Metro PCS is a niche CDMA carrier whose gimmick is “all-you-can-eat” wireless voice and (now) text messaging for about $40/month. It offers phones from Motorola, Nokia, and Chinese manufacturer UTStarcom, among others. The reason no one has heard of it is because it serves only six major markets:
- Northern California (Monterey-Santa Cruz, Bay Area, Sacramento)
- South Florida (Miami-Ft. Lauderdale-Naples)
- Central Florida (Tampa-St.Petersburg-Orlando)
- Dallas-Ft. Worth
Metro PCS began service in 2002. If this story sounds familiar, it’s because this is a sequel (some would say a copycat) to San Diego-based Leap Wireless (NASDAQ: LEAP), which was created as a Qualcomm spinoff in 1998. Certainly Leap considers itself to be the pioneer in this unlimited-use model, to the point that last summer Leap sued Metro PCS for patent infringement. While Leap (brand name Cricket) got a four year head start, its growth stalled for many years. It reported 1 million customers in 2001, but only 2.2 million subscribers at the end of 2006.
What happened? As Leap’s founding CEO (and former Qualcomm COO) Harvey White explained in an interview last September, Leap suffered from terrible timing. It launched planning for vendor equipment financing, and then hit the perfect storm of the NASDAQ collapse in addition to the multibillion dollar vendor financing losses of Lucent, Nortel and others. As a result, Leap went into Chapter 11 in 2003. The company filed a reorganization plan rendering its original shares (NASDAQ: LWIN) worthless, eventually emerging from bankruptcy in the summer of 2004.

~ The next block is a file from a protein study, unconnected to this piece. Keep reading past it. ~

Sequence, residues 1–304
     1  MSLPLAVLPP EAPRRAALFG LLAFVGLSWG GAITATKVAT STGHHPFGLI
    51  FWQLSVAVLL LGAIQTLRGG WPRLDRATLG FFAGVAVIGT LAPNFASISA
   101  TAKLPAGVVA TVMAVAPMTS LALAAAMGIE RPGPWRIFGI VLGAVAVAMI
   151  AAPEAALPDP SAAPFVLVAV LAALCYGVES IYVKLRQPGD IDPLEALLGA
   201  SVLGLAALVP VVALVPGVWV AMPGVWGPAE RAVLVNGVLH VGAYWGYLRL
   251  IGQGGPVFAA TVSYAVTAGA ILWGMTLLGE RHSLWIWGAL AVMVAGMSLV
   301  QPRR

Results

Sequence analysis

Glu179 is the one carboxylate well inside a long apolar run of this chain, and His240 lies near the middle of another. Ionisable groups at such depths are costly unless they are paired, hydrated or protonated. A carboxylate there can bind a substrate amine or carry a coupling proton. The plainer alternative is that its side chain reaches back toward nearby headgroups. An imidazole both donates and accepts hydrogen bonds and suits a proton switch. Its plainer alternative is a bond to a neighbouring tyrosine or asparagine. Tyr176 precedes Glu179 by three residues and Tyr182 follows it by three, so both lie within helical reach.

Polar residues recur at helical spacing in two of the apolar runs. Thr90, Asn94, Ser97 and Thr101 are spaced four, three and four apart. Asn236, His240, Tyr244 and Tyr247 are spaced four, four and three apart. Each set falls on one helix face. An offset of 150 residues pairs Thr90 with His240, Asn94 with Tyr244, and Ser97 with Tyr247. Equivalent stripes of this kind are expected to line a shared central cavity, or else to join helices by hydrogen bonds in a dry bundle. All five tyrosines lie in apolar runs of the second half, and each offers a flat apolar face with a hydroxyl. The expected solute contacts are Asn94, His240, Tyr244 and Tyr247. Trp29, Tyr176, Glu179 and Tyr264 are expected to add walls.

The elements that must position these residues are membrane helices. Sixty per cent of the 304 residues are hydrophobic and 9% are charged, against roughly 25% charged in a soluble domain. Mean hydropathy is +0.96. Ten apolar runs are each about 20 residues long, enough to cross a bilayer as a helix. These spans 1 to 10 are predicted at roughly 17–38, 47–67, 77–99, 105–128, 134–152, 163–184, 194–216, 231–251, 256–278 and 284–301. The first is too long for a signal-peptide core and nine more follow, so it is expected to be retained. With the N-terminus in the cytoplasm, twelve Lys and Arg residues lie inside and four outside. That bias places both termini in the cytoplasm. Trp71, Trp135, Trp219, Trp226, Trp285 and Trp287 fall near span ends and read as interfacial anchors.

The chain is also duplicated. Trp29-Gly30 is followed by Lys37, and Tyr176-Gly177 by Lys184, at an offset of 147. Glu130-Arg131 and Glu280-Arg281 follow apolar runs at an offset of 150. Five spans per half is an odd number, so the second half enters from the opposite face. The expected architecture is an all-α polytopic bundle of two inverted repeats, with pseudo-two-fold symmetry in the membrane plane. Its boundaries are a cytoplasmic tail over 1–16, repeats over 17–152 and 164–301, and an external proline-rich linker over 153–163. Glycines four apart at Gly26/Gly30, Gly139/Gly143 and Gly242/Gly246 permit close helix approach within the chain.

With the recent re-capitalization, Leap has begun expanding again to now have operations in 22 states, including its long-awaited entry last December into its home San Diego market.
Of course, one threat facing both companies (as noted by author David Mock) is that the big boys will match their prices. Given the disincentives for cannibalization, I can’t see Verizon or Cingular(AT&T) doing it, but certainly T-Mobile and Sprint are potentially desperate enough.The Wall Street Journal article (paid site) speculated:
Some analysts said Metro may eventually try to acquire Leap, creating an even more formidable competitor to the top-tier cellphone giants.Leap has a market cap of $5.4 billion, while MarketWatch estimates the Metro PCS market cap at $7.9 billion. Assuming they can get past the animosity, it sounds like a merger of equals to me. At least they have compatible technologies, unlike Sprint Nextel or the McCaw/Cingular/AT&T migration from D-AMPS to GSM.
Graphic: San Diego Union-Tribune, Nov. 19, 2004